The transcripts and implications were discussed and agreed upon by the authors. All the authors are proficient in English and the vernacular language in which the interviews were conducted.

We continued the patient recruitment until we reached a point of theme saturation.[5]

   Results Top

We recruited five patients each in the isolation group and quarantine group. The sociodemographic details of the participants are presented in [Table 1].
Table 1: Sociodemographic details of participants in the study

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In both groups, the experiences could be described under the following headings-psychological impact, interpersonal impact, social impact, behavioral changes, and impact on occupational aspects [Table 2].
Table 2: Psychological/interpersonal/social/behavioral/occupational impact of quarantine and isolation (with selected verbatim accounts)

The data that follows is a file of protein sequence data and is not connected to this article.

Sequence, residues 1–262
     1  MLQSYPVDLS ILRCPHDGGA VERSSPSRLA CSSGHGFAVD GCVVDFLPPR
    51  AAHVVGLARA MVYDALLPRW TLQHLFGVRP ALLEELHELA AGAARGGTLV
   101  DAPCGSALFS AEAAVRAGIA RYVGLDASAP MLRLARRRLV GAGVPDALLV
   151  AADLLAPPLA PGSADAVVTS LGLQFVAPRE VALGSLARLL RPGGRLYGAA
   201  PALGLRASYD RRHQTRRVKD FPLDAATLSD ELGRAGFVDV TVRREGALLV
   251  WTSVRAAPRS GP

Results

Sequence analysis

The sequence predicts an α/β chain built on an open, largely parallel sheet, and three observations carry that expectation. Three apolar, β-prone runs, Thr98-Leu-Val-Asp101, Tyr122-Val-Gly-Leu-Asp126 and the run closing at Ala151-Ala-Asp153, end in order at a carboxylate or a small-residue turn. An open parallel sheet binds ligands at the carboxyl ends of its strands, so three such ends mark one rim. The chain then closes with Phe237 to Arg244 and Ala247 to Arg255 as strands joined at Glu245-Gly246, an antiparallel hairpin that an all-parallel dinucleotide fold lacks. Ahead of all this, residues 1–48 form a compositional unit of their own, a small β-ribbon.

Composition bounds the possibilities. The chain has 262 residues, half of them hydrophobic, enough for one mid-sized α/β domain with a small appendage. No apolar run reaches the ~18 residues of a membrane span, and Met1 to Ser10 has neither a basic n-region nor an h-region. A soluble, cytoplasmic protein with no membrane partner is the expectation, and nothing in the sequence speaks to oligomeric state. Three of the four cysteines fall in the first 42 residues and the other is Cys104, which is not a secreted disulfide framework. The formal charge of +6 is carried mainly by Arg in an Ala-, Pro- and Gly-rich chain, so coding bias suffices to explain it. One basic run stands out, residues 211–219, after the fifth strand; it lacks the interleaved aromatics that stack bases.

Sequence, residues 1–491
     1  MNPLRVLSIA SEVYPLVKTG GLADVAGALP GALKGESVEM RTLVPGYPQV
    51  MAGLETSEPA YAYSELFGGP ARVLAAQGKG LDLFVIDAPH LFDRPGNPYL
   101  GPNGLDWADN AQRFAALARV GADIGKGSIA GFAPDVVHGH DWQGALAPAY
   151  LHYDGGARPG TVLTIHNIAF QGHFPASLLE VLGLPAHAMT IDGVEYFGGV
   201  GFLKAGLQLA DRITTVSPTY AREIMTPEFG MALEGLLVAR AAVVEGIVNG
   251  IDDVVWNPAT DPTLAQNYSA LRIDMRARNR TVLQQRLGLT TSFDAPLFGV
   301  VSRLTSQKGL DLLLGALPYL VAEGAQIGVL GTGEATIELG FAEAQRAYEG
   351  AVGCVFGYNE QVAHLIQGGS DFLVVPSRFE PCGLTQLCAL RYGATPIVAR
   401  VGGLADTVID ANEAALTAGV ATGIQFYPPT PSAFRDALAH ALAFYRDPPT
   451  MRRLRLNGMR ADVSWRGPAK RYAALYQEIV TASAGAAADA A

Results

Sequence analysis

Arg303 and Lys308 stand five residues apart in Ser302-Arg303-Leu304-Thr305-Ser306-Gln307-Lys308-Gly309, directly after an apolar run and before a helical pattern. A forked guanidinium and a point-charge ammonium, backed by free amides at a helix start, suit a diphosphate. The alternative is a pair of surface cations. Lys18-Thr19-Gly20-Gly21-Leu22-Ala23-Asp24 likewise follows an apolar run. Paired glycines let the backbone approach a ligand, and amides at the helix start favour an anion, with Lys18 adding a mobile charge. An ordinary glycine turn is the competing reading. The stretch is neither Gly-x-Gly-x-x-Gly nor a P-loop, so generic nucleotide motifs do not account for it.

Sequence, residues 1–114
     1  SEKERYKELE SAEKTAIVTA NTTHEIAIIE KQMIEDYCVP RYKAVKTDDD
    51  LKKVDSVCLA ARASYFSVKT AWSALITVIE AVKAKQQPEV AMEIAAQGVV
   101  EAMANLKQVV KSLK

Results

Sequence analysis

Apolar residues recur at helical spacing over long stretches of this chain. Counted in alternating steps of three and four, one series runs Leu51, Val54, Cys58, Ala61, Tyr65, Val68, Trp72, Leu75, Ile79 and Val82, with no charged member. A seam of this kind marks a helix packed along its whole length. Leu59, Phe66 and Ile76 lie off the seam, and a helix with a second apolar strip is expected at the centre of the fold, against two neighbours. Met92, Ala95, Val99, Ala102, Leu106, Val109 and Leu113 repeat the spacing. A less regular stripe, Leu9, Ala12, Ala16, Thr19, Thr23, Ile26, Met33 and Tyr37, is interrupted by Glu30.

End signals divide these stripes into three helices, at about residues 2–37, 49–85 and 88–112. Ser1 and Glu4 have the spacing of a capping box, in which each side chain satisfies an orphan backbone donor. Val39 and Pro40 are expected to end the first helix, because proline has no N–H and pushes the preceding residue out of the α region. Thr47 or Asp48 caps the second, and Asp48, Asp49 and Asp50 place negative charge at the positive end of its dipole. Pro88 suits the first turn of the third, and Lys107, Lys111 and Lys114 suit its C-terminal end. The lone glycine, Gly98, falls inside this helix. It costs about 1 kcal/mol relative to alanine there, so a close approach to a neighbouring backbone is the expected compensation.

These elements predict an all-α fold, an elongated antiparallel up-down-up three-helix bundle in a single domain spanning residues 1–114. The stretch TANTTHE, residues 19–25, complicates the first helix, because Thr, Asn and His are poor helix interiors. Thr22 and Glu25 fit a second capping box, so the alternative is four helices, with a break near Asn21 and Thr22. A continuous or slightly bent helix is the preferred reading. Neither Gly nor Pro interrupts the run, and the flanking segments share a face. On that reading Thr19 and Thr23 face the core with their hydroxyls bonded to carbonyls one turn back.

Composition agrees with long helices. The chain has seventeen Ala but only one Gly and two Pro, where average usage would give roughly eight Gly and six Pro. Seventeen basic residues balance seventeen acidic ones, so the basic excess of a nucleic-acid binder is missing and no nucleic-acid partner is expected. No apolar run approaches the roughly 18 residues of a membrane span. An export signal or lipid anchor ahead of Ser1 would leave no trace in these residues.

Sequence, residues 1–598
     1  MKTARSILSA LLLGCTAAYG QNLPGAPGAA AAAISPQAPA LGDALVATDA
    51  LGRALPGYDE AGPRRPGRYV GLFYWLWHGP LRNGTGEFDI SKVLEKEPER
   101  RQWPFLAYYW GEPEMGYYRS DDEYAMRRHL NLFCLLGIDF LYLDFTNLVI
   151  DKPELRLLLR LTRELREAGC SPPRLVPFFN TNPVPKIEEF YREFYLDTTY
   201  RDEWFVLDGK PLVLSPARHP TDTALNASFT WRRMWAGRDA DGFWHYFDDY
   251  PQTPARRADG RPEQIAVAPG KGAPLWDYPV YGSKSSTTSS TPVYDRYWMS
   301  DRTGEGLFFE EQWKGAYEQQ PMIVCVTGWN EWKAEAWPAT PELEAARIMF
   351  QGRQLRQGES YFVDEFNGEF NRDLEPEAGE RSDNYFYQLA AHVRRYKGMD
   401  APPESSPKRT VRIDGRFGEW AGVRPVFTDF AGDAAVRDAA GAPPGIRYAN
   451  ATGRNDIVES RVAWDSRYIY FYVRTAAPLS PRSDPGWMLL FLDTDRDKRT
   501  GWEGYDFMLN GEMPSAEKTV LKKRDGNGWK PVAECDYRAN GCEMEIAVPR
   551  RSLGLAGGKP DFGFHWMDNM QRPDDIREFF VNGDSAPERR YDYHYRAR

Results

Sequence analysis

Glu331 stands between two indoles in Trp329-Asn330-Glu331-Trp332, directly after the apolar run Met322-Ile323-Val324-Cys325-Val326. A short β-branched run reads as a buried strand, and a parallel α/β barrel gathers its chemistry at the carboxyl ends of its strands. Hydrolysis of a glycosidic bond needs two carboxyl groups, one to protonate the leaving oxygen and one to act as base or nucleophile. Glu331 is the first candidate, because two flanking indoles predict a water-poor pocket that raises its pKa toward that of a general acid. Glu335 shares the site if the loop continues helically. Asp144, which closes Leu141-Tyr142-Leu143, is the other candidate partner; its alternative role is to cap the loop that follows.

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It was found that the experiences of participants in quarantine were marked with features of anxiety and worry. They experienced cognitive (expecting the worst outcome), behavioral (restlessness, pacing), physical (sleep disturbances, headaches, body aches/pains), and psychological (mood swings, feeling fearful) symptoms. Most of them reported feeling guilty for being potential “spreaders” of COVID-19. They also felt victimized at the hands of others who ostracized them and their families (e.g., people looked at me with hatred as if I was a corona carrier; neighbors moved out of our building leaving my family alone). They were unable to comprehend people's rejection. This exacerbated the guilt they felt toward their families as they were facing discriminatory behavior for no fault of theirs (e.g., neighbors avoided any and all forms of interaction). Fearing similar rejection from extended family and friends, most participants did not disclose their quarantine status with others, which led to feelings of loneliness. They felt helpless and hopeless about their situation and looked to blame someone (self/others) for their current predicament.